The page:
Từ điển
Dịch văn bản
Tất cả từ điển
Tra từ
Hỏi đáp nhanh
Kết quả
Vietgle Tra từ
Đóng tất cả
Kết quả từ 2 từ điển
Từ điển Anh - Việt
phủ định của can
Từ điển Anh - Anh


cannot (kănʹŏt, kə-nŏtʹ, kă-) verb, auxiliary

The negative form of can1.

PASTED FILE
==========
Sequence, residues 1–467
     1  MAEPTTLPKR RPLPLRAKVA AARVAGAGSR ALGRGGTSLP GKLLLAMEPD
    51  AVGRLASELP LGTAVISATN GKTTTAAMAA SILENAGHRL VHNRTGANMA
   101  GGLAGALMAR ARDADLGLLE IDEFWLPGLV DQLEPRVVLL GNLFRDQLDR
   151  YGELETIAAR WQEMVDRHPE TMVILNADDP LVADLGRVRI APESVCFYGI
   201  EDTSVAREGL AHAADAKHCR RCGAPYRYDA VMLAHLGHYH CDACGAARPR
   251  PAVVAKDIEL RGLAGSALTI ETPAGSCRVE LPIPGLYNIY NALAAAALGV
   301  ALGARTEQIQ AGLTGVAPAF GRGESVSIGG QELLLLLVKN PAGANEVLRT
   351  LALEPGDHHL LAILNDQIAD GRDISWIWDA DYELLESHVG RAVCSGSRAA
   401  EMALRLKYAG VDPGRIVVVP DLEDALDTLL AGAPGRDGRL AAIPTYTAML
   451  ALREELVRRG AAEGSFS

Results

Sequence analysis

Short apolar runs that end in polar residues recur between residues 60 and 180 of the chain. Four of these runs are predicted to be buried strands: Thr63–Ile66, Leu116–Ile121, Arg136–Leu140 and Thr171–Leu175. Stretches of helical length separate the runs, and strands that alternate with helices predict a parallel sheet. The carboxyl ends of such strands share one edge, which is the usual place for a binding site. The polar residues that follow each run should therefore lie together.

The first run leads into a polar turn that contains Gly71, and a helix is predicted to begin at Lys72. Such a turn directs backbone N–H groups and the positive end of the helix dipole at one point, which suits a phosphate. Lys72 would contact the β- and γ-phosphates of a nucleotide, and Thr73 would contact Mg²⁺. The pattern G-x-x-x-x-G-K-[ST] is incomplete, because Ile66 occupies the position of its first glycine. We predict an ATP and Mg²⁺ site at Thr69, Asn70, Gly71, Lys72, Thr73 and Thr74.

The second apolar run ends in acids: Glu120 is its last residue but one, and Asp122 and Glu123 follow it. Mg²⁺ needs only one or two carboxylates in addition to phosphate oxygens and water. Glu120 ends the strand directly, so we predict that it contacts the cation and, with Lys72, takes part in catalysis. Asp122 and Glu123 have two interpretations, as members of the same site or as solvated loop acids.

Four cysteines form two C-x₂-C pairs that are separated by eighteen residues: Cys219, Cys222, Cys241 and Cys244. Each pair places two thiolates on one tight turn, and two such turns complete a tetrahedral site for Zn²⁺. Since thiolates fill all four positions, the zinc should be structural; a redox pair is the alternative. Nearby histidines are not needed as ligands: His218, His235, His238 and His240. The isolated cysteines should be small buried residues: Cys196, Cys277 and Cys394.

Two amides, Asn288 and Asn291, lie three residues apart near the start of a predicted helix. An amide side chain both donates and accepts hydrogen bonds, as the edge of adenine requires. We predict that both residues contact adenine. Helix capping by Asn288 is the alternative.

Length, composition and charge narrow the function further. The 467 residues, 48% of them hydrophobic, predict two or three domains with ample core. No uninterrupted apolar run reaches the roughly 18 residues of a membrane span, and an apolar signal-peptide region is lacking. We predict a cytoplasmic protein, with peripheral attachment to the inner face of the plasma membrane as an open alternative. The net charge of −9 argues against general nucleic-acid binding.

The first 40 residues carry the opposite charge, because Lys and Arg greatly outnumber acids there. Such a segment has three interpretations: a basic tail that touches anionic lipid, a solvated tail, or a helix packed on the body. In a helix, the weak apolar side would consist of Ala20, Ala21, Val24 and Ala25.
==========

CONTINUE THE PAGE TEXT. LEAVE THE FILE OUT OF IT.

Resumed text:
Usage Note: The idiomatic phrase cannot but has sometimes been criticized as a double negative, perhaps because it has been confused with can but. The but of cannot but, however, means "except," as it does in phrases such as no one but, while the but of can but has the sense only, as it does in the sentence We had but a single bullet left. Both cannot but and can but are established as standard expressions. The construction cannot help is used with a present participle to roughly the same effect as cannot but in a sentence such as We cannot help admiring his courage. But this construction is generally restricted to contexts in which a person is unable to affect an outcome that would normally be under his or her control. It would be more precise to say With all the public interest in the affair, the book cannot but attract the attention of reviewers (or . . . can but gain . . .) than to say the book cannot help attracting the attention of reviewers, which suggests that the book might have had a say in the matter. The construction cannot help but probably arose as a blend of cannot help and cannot but; it has the meaning of the first and the syntax of the second: We cannot help but admire his courage. The construction has sometimes been criticized as a redundancy, but it is by now an established idiom with reputable precedent on its side. The expression cannot (or can't) seem to has occasionally been criticized as illogical, and so it is. Brian can't seem to get angry does not mean "Brian is incapable of appearing to get angry," as its syntax would seem to dictate; rather, it means "Brian appears to be unable to get angry." But the idiom serves a useful purpose, since the syntax of English does not allow a logical equivalent like Brian seems to cannot . . .; and the cannot seem to construction is so widely used that it would be pedantic to object to it.